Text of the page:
Here’s a mystery for you: What are tea balls? I’ve never seen one other than the lovely infusers that are available. The kitchen at the May-Stringer Museum has a White Rose Tea Ball tin on display. It’s right next to a Lipton tin about the same size. I’m guessing, and I would love to know if I’m wrong, that tea balls were the precursor to tea bags.
Tea bags were accidentally invented by Thomas Sullivan when he sent samples of tea varieties to customers in little silk bags, and people loved the idea of tossing them into a cup or teapot without having to measure.
Or, perhaps those two women from Milwaukee, Roberta C. Lawson and Mary Molaren, should get the credit because they applied for a patent in 1901 for a Tea Leaf Holder. At any rate, Thomas Lipton grabbed the idea and started selling tea in little gauze bags. Tea tins of many shapes and sizes survive after more than 100 years and have become collector items. No doubt, the tins held many little treasures and keepsakes after their first use of storing tea.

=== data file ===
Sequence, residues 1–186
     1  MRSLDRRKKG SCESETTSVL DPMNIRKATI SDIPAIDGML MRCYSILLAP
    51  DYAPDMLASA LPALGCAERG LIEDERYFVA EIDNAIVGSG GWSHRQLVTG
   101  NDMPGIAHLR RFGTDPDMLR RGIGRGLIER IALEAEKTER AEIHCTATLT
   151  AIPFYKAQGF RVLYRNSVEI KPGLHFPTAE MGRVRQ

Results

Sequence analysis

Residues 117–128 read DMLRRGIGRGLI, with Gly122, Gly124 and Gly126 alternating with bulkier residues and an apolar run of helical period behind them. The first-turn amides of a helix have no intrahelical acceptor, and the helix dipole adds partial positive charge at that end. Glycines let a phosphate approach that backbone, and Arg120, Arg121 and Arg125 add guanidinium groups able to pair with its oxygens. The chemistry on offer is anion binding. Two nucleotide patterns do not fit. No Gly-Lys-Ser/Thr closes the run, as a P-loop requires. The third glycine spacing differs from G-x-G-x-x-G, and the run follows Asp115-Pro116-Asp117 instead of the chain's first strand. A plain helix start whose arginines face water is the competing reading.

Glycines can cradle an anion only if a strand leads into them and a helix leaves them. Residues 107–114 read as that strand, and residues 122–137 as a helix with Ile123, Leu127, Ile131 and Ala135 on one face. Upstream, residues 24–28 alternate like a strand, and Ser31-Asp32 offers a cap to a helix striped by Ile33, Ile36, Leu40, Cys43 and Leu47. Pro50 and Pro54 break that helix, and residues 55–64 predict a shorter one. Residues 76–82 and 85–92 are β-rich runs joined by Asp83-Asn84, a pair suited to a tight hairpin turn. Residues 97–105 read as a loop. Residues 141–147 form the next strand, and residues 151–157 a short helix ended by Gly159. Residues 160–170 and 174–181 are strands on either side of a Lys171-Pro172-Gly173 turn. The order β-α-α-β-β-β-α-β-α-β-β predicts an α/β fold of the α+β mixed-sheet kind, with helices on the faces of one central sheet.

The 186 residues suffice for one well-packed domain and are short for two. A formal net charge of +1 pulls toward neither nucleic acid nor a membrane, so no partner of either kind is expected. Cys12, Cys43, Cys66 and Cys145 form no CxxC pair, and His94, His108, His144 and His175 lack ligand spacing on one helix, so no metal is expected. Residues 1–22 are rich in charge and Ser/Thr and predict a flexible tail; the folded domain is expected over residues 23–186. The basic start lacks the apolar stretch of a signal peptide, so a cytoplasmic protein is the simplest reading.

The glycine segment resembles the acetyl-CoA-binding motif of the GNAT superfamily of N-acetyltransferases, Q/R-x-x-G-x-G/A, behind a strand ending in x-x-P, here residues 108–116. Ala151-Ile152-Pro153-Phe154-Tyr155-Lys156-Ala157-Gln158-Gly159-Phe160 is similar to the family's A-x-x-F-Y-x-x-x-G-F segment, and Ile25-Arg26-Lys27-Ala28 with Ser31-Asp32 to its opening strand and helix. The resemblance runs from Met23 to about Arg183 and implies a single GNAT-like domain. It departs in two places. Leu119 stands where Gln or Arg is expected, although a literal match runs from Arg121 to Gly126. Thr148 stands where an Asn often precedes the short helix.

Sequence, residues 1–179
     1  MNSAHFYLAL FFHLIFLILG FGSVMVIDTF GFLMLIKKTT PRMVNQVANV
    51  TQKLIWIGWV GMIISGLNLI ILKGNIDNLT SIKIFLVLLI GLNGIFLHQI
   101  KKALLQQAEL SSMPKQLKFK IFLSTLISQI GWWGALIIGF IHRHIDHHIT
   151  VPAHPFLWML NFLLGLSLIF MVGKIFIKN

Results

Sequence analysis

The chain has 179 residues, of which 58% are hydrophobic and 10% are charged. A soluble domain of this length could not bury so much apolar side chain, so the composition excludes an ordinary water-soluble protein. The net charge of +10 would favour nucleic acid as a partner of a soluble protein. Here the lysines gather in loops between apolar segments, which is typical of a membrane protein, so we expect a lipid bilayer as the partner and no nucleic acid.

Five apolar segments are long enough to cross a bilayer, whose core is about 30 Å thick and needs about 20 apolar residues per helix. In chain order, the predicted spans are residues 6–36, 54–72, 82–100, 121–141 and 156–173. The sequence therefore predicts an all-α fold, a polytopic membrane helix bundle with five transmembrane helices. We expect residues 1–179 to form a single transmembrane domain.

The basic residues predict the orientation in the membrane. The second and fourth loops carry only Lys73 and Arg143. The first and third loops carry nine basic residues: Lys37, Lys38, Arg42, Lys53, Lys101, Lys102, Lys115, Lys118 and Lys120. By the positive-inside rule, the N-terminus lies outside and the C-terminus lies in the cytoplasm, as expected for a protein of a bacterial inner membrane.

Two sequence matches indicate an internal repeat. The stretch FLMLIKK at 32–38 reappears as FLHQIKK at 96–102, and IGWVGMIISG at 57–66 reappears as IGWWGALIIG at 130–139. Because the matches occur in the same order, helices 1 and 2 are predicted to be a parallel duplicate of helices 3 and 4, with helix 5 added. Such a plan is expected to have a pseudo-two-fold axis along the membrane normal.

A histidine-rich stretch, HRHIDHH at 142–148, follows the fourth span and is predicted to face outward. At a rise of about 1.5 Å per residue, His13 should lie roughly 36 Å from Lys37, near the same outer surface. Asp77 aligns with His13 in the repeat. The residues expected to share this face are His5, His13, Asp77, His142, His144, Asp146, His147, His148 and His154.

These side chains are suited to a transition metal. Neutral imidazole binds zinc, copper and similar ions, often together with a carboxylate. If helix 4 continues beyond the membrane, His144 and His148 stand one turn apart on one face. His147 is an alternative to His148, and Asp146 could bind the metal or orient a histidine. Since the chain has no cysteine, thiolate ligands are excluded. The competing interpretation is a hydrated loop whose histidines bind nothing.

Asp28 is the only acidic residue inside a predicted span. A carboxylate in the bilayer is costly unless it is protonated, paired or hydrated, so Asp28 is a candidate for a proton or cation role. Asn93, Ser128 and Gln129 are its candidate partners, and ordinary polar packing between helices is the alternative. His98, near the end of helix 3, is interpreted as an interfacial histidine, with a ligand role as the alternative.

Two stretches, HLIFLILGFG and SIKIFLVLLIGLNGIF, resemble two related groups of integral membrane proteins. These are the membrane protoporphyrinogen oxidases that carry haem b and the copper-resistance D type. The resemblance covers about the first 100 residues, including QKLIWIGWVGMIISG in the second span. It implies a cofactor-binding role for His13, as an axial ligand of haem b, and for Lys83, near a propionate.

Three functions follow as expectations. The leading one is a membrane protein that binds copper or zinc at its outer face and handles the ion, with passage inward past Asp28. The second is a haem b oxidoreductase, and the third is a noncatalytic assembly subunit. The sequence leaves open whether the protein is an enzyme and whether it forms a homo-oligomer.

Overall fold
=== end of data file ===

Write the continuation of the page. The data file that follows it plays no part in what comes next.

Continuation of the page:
The Museum Schedules!
The May-Stringer tours on Wednesday – Saturday from 11am – 3pm – 352-799-0129
The 1885 Depot tours on Friday – Saturday from noon – 3pm – 352-799-476
The Countryman One Room Schoolhouse is open on Thursday – Saturday from noon – 3pm – 352-515-305